Dianema

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2023-07-18 Snargl 0 minute 0 second

What kind of animal is Dianema?

Diademodon was an extinct animal that belonged to the group of cynodonts, which were mammal-like reptiles that lived in the Triassic period.
Diademodon had a large skull with a long snout and a diastema, or a gap between the front and back teeth.
It also had transversely expanded cheek teeth that were adapted for grinding plant matter.
Diademodon was about 2 meters (6.6 feet) long and probably omnivorous, meaning that it ate both plants and animals.

Diademodon was first described by paleontologist Harry Seeley in 1894 from fossils found in South Africa.
Later, more fossils of Diademodon were discovered in Namibia, Antarctica, Zambia, and Argentina, indicating that it had a wide geographic distribution in the southern continents.
Diademodon was closely related to another cynodont called Cynognathus, which was more carnivorous and had a shorter snout and sharper teeth.

Diademodon was one of the early ancestors of mammals, and it had some features that are similar to modern mammals, such as a secondary palate, which allowed it to breathe and chew at the same time, and a complex jaw joint, which gave it more bite force.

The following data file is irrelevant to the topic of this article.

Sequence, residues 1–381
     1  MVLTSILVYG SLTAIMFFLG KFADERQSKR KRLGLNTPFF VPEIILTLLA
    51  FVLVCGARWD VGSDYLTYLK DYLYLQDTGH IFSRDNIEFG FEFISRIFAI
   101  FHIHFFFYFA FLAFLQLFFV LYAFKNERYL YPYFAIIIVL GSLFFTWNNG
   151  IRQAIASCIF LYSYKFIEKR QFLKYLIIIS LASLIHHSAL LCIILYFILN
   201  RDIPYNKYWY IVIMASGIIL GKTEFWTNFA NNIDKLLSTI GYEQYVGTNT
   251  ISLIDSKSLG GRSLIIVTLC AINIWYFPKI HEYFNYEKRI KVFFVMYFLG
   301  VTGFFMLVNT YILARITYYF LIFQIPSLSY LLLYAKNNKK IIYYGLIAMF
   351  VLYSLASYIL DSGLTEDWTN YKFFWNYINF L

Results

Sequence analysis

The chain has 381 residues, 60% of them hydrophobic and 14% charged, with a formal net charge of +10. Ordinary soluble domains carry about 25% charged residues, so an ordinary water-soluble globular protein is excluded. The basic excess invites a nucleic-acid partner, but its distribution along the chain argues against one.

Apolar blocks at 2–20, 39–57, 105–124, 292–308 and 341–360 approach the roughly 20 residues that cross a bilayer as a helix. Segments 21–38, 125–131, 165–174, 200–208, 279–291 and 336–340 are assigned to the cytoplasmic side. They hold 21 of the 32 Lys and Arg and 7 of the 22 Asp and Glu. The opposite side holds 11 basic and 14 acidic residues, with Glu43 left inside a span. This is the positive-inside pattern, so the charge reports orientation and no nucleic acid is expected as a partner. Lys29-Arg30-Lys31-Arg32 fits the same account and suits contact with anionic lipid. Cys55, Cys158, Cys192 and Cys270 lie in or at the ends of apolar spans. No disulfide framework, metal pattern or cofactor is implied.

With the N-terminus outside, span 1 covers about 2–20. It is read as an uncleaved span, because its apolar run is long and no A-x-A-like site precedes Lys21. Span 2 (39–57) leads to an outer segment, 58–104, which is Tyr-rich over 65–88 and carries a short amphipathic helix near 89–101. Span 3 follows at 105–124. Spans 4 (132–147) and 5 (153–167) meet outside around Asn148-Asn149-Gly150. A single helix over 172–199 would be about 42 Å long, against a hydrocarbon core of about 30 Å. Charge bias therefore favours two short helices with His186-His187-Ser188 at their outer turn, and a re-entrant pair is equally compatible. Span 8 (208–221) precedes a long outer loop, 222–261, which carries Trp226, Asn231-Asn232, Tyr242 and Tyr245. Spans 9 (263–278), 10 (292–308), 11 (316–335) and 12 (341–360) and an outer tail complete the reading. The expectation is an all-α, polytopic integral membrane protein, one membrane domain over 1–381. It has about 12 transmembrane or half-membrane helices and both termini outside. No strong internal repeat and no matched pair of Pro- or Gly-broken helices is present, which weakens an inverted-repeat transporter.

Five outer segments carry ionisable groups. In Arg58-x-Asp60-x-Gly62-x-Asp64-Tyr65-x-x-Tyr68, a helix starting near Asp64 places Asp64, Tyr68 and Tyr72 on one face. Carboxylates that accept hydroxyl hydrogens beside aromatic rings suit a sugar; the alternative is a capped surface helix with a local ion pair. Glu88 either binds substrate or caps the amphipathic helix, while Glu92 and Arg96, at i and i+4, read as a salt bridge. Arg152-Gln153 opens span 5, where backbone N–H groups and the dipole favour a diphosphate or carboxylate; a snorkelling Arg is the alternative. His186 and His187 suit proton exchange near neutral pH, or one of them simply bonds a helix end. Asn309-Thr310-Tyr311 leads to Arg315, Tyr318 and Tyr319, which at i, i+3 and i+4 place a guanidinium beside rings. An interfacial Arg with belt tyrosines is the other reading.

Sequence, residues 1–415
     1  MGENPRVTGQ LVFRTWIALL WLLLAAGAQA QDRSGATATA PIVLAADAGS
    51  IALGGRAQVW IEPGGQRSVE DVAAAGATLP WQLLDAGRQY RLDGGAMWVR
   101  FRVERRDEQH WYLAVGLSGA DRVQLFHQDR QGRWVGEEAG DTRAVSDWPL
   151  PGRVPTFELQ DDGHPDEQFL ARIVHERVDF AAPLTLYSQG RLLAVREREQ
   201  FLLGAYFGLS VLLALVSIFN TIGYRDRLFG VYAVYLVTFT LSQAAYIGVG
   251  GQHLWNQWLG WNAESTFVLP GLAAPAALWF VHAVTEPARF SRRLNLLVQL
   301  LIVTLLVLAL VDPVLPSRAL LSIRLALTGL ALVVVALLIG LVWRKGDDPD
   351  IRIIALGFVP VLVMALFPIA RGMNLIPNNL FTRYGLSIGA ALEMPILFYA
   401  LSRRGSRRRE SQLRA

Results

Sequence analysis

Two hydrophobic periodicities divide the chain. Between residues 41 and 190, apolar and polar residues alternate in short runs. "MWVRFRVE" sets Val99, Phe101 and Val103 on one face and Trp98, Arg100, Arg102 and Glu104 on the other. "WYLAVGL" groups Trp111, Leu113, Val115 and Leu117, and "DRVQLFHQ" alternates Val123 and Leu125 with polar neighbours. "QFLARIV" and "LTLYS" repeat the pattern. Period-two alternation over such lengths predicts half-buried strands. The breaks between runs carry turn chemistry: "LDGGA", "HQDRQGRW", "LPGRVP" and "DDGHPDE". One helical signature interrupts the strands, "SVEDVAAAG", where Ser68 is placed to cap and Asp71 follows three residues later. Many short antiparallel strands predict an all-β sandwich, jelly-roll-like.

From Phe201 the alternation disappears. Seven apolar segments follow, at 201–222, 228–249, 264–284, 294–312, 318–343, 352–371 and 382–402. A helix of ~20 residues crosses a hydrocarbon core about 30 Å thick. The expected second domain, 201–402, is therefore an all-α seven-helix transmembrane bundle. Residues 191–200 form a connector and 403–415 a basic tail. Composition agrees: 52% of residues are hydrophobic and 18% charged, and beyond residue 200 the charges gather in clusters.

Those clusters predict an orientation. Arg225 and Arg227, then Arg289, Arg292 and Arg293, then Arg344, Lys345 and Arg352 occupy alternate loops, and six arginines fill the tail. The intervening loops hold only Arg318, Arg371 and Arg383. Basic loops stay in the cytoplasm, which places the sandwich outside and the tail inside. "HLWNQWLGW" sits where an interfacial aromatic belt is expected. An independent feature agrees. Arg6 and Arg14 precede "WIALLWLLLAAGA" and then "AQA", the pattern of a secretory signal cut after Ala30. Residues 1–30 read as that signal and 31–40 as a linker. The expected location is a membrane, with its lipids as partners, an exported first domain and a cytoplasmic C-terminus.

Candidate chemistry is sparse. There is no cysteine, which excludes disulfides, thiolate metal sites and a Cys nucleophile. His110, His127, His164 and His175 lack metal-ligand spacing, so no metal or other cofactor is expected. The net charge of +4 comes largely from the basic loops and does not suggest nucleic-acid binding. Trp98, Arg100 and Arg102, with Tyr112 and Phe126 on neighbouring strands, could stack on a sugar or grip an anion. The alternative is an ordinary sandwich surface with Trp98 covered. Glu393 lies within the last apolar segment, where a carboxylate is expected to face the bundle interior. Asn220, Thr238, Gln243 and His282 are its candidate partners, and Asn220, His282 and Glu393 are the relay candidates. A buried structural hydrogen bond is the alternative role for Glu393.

However, Diademodon also had some reptilian traits, such as a sprawling posture, a pineal eye on the top of its head, and scales on its body.

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Where does the Dianema live?

Dianema is a genus of freshwater catfish that lives in the Amazon basin in South America.

There are two species of Dianema: the striped-tail Dianema (Dianema urostriatum) and the bronze Dianema (Dianema longibarbis).

Dianema are peaceful fish that swim in the middle of the water column, away from the bottom.

They can grow up to 10-15 cm in length.

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